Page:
• \$\begingroup\$ @RyanC.Thompson I added a part of the AMF description that I missed on the first time: I think that that part confirms my interpretation. I actually do not understand what you mean with your Fireball example... \$\endgroup\$
    – Eddymage
    Oct 21 at 14:52
  • \$\begingroup\$ My point about Fireball was that its description also specifies that the effect starts at the point of origin and spreads outwards similar to Darkness. However, your point about AMF suppressing spells on objects is a good one. \$\endgroup\$ Oct 21 at 20:02
  • \$\begingroup\$ @RyanC.Thompson If you try to cast a Fireball whose point of origin is inside an AMF you fail: indeed, "Spells and other magical effects [...] are suppressed in the sphere and can't protrude into it". So, the bright streak of a Fireball can not enter inside a AMF. According to this answer, it stops outside the AMF and explodes on its boundary, without entering the AMF sphere. \$\endgroup\$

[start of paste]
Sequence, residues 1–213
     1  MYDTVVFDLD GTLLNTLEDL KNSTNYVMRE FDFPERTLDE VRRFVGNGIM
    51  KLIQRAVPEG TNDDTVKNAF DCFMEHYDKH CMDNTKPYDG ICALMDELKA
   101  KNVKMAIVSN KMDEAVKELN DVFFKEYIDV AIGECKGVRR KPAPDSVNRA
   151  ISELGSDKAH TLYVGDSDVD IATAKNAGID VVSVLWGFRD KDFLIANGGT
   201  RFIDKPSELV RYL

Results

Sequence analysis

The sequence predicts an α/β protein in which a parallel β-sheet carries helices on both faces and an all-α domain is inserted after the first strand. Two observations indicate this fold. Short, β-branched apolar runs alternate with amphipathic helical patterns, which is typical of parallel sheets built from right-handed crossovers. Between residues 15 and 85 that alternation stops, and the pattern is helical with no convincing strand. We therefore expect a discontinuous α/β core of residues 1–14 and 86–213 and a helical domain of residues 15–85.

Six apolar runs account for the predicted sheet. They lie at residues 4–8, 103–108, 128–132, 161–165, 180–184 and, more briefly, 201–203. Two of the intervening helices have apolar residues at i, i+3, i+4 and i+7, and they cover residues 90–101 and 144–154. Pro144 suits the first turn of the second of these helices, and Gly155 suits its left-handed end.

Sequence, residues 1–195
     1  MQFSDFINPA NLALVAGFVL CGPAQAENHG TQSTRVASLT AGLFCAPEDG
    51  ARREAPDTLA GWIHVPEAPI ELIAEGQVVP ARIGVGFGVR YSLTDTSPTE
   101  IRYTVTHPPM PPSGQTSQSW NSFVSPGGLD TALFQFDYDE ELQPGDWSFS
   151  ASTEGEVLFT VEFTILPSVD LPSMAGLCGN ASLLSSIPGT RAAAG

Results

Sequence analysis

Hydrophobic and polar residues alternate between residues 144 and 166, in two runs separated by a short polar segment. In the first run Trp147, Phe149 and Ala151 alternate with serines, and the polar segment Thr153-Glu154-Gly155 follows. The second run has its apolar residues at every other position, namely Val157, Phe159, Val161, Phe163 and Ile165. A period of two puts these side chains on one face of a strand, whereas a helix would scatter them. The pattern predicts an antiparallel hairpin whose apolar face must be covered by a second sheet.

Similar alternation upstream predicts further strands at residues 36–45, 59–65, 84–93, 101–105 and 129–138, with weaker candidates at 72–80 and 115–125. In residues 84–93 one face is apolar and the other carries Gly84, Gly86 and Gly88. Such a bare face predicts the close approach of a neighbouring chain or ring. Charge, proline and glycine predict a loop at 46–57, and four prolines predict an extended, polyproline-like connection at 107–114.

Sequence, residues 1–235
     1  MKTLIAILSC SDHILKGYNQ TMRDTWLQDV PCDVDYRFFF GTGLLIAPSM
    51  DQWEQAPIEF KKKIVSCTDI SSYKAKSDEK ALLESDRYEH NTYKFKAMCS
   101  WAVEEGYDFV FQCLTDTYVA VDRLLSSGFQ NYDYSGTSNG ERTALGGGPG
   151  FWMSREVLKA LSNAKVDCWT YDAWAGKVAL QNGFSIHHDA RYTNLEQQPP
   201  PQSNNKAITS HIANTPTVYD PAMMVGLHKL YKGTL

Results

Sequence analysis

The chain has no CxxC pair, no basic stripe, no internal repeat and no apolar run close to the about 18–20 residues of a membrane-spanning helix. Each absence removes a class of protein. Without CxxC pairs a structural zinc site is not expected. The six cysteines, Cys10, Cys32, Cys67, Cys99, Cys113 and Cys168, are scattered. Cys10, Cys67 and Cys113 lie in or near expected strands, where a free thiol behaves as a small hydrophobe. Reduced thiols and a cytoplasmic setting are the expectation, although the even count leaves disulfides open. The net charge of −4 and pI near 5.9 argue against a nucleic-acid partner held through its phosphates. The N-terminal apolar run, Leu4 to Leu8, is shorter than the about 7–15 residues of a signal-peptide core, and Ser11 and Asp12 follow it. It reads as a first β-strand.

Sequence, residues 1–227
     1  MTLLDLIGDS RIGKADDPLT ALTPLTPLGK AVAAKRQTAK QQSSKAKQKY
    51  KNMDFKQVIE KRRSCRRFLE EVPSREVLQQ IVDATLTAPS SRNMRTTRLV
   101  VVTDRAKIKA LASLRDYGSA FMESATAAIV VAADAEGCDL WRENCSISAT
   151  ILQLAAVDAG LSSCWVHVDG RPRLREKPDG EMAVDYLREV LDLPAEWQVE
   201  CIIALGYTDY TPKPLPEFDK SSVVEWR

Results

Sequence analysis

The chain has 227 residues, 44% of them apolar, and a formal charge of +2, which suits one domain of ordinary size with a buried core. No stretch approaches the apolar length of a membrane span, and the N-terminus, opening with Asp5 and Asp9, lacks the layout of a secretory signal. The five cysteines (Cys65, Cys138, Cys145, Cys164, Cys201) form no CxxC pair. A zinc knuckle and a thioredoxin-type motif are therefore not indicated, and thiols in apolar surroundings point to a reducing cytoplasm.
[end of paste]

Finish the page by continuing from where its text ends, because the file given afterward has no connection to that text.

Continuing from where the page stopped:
– Eddymage
    Oct 21 at 21:57
  • \$\begingroup\$ @Eddymage That seems to apply to everything newly cast who's Point of Origin would be inside an anti-Magic field, since the origin is "from which the spell's energy erupts" \$\endgroup\$ Oct 21 at 22:00
6
\$\begingroup\$

No, it doesn't suppress the whole spell.

The description of the antimagic field spell says, in part:

Areas of Magic. The area of another spell or magical effect, such as fireball, can't extend into the sphere. If the sphere overlaps an area of magic, the part of the area that is covered by the sphere is suppressed. For example, the flames created by a wall of fire are suppressed within the sphere, creating a gap in the wall if the overlap is large enough.

The origin of an area of effect establishes the area/volume that it covers; it is not the “source” of the magic. All parts of the area are equally the “source”.

\$\endgroup\$
1
  • \$\begingroup\$ My mnemonic for resolving the effect of AMF in this way is to first determine what effect the magic would have normally and then "subtract" out the AMF's area from it. \$\endgroup\$ Oct 21 at 13:55

You must log in to answer this question.

Not the answer you're looking for? Browse other questions tagged .